Worker's Compensation

Its all fun & games until.... Laser Tag & other Lessons in Worker's Compensation

Today the North Carolina Court of Appeals filed an opinion in Holliday v. Tropical Nut & Fruit Co. in which the North Carolina Court of Appeals upheld the North Carolina Industrial Commission's decision to award worker's compensation benefits to an employee injured during company-mandated laser tag.  Yes, I said laser tag.

Courtesy of CBS Entertainment.

Courtesy of CBS Entertainment.

First of all, I know very little about the defendant employer in this case, other than the fact that I want to be them.  They did, after all, REQUIRE laser tag for their employees at their annual conference.  I'm sure this practice of laser tag-teambuilding was a popular event at said conference but my guess is they are re-thinking their coolness. #wompwomp

In Judge Davis's opinion for Holliday, the third element of the North Carolina Worker's Compensation Act is discussed at length: whether or not the injury "arose out of employment."  This is often the element at issue in worker's compensation disputes and will likely remain a hot topic after this decision.  When it comes to out-of-office activities, courts will look at several factors to determine if an injury during one of these activities "arose out of employment:"

  1. Did the employer sponsor the activity or outing?  For example, did the employer pay for employees to attend a conference?  
  2. Were employees required to attend the activity or outingFor example, did the employer schedule the employees to attend the activity or outing or otherwise pay their salary during this time?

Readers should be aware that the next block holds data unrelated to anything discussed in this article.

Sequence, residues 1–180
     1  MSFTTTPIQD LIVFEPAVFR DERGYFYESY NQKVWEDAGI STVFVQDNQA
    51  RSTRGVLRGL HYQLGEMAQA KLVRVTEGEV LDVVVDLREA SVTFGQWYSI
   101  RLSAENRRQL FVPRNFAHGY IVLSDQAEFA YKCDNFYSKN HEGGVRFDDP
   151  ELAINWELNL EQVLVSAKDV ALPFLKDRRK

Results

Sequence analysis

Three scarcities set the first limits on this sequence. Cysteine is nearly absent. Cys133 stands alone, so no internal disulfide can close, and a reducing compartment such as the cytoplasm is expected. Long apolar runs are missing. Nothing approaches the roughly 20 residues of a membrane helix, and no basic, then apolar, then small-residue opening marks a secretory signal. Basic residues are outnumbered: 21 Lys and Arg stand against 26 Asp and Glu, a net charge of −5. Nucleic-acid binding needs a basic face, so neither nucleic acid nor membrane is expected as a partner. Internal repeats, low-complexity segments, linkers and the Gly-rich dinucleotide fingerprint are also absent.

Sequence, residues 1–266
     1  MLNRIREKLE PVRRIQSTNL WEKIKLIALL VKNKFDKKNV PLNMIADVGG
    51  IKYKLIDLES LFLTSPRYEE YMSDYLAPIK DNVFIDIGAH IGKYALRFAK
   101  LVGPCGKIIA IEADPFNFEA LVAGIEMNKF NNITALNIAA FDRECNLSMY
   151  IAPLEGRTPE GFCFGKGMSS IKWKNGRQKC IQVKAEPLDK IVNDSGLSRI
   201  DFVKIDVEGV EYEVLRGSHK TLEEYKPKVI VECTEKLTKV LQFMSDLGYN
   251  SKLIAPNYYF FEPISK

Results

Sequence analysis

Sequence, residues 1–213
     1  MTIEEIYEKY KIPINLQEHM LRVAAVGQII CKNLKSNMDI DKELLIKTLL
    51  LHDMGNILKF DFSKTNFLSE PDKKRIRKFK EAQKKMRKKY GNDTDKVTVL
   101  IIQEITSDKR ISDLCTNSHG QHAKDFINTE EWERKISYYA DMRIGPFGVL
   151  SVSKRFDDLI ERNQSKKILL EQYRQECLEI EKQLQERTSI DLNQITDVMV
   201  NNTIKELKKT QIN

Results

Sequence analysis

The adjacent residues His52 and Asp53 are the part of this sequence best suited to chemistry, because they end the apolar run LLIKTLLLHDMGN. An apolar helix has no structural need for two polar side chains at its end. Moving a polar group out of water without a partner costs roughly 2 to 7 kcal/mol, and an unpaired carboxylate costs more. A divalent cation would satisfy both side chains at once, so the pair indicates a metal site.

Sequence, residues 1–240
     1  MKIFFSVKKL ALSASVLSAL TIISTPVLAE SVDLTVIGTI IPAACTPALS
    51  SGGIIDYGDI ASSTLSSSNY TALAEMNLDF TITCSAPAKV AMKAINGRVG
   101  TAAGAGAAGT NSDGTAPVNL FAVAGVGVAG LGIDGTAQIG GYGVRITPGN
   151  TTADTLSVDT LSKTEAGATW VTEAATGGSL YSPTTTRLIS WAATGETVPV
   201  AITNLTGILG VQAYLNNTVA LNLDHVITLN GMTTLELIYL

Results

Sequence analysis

3. Did the employer "encourage participation" in the activity or outing?  For example, did the employer leave out the fact that participation may be voluntary or did the employer take attendance?
  4. Did the employer benefit from the activity or outing? For example, is the employer gaining a market advantage or otherwise benefitting from employee camaraderie?

In Holliday, the employer clearly sponsored the laser tag event since they organized it and paid all relevant expenses.  The employer also "required" attendance by pre-scheduling employees for certain events, such as laser tag, and by making attendance at the conference a mandatory and paid event.  

It is the last two factors that made for great discussion.  Tropical Nut & Fruit (the employer) encouraged participation by not expressly informing its employees that participation was purely voluntarily (read: even though they intended the laser tag to be a voluntary event for employees, they did not expressly state this to employees).  Because of this lack of employee-notice, the Court of Appeals said participation was encouraged.  

Finally, Tropical argued that there was no benefit from the laser tag and that it was in fact used as a fun gesture for employees and nothing more.  However, they noted that it also served the purpose of "putting faces to names" for employees.  The Court of Appeals said that even a "get to know your co-workers" event stood to benefit the employer by boosting employee relations.  Therefore, the fourth factor was also present. 

Before you panic and cancel all your laser tag and team-building events, you should keep in mind that courts consider a lot of factors and look at worker's comp on a case-by-case basis.  There is no need to cancel all the fun stuff but here are some things to keep in mind:

1- Fun should always be voluntary AND you should make this very, very clear to employees.  If you host a laser tag game, bowling tournament, or bar crawl, make it clear that it is VOLUNTARY.  Do not take attendance, do not overly encourage participation (a.k.a don't make it a "come or be fired" event) and tell people its voluntary (hint: using the word "voluntary" is helpful). 

2- Know that employer-sponsored events carry a risk.  If you are sponsoring an event or conference (regardless of where it is located) and you are requiring employees to attend, know that this is likely considered "work" for purposes of worker's compensation.  By accepting this risk from the get-go, you will be well-informed if an injury occurs. 

Fun events are extremely valuable for HR and employee relations.  Don't let this new opinion scare you, just be aware that even fun may come with a price.